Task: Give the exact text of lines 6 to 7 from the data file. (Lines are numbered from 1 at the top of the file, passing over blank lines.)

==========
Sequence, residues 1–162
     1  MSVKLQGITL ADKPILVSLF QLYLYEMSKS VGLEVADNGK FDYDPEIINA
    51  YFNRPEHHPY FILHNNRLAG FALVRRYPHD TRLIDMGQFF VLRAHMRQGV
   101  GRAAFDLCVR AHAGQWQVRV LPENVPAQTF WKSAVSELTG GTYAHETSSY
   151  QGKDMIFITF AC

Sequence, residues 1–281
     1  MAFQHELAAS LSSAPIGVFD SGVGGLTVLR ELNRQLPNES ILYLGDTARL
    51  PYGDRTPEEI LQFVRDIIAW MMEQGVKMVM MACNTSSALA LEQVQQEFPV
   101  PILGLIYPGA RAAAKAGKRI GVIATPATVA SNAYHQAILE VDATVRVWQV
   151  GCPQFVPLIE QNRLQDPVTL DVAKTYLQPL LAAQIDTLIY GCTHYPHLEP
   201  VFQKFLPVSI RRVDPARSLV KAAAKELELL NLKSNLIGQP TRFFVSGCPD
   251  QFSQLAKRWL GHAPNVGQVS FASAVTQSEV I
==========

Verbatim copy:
Sequence, residues 1–281
     1  MAFQHELAAS LSSAPIGVFD SGVGGLTVLR ELNRQLPNES ILYLGDTARL